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garage door opener repair

Posted by reed2010 (My Page) on
Sat, Feb 6, 10 at 12:13

I have a 1/2-hp Craftsman garage door opener, don't know model, about 14 years old. The motor appears to be working but the drive sprocket attached to the chain does not turn. Is this something I can fix with a kit? Is it worth it or should I replace the entire unit? And if I do that, can I replace just the motor and re-attach the existing censors, chain, etc. or do I need to replace everything? One more question, if I can replace just the motor unit, can those be purchased separately?

Thanks for any advice.


Follow-Up Postings:

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RE: garage door opener repair

What you have is a stripped drive gear. Remove the cover from the motor unit and you will find the remains. The part number is 41A2817 and is available at any good door opener service company. It comes with instructions and is available for around 20 to 25 dollars.


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RE: garage door opener repair

Listen, take my advice and get a new opener. The Craftsman garage door openers are the cheapest, horribly engineered, unreliable pieces of crud on the entire planet. Sound like an exaggeration? Not really. Just research this forum. There are more questions about those things than anything else period. Hundreds of questions. I have worked on them and they are just awful. If you got 14 years you are lucky. Just get a Genie Excelerator and be done with it. Quiet DC motor, twice as fast, two bulb light, reliable.


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RE: garage door opener repair

I can't comment expertly on if Sears garage door openers are junk or not, mine went 16 years before I needed to put a $40 gear kit in it, so I'm happy. It is actually a Liftmaster, and I think it may also be a Chamberlain. Sears just re-brands most of their stuff anyway.
I assumed the many problems listed on this forum for the Sears openers was because they were so ubiquitous.
Anyway, here are my pictures from doing the gear change you need to do, and at the end are the scanned in instruction sheets. This is the entire gear assembly replacement, which is easier than just the gear, and only costs about $10 more than just the gear. http://dl.dropbox.com/u/1347192/lifter/liftmaster_repair.html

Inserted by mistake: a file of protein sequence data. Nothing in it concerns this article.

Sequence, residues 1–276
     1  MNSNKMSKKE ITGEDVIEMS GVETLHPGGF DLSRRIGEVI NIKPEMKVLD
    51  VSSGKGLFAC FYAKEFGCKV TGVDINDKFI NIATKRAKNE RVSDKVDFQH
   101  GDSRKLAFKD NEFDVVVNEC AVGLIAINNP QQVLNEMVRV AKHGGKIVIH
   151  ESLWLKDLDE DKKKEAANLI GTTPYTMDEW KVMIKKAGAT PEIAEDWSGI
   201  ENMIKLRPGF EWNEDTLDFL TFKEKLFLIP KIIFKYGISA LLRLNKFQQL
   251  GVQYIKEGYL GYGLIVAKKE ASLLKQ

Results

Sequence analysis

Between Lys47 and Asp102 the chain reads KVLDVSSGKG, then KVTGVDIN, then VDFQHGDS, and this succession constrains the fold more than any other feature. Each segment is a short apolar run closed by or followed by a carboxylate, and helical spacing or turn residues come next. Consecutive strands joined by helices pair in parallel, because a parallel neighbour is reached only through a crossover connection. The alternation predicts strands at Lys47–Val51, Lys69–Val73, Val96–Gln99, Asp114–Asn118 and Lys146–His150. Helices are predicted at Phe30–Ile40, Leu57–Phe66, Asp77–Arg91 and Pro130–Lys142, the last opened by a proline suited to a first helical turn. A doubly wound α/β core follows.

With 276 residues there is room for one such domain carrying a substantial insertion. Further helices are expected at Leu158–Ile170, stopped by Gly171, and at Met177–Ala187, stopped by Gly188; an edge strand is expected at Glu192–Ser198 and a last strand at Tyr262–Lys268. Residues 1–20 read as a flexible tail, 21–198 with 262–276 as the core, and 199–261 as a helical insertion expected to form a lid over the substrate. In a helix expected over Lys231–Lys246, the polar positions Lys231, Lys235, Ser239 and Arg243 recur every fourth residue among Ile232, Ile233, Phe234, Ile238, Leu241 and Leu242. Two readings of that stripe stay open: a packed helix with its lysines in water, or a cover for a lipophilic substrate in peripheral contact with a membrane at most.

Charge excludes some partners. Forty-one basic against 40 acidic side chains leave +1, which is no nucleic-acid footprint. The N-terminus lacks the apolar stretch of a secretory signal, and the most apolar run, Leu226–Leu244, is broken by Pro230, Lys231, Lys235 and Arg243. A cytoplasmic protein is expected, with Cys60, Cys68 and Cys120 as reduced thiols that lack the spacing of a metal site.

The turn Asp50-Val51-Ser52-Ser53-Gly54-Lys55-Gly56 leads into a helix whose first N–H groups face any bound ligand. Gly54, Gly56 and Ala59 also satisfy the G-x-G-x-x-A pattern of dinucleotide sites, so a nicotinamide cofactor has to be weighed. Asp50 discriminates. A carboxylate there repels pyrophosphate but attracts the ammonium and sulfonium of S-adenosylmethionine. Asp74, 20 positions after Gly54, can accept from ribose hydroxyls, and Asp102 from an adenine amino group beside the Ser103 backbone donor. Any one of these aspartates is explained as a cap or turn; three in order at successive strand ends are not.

I had one question though, how heavy should the door be when it is considered properly balanced, as this would certainly affect the wear of the gears. I put a bathroom scale under my 2 car steel door, and it read 35 lbs of weight on it. Is that too much?

Here is a link that might be useful: Sears garage door opener gear replacment with pictures and instruction sheets


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RE: garage door opener repair

Yes. Thirty-five pounds IS too heavy. A properly sprung door that is tensioned correctly will sit on the floor with as little as five pounds of weight.

An electric door opener is not a crane or winch. It is not designed to do any more work than what a child should have to exert in order to open the garage door. If you did not have an operator and your child slipped and fell while struggling to open the door, 35 pounds across his neck is enough to cut off his air supply and kill him. Your door needs to have a spring adjustment and this is best done by a PRO who knows the risks involved.

Chamberlain is the manufacturer and they were and probably still are, the largest operator manufacturer in existence. Sears either owns them outright or owns a controlling interest in them. Liftmaster is the brand of operator that Chamberlain themselves marketed. However, Chamberlain made electric operators for a large number of chain stores which were sold under the proprietary brand of those chain stores.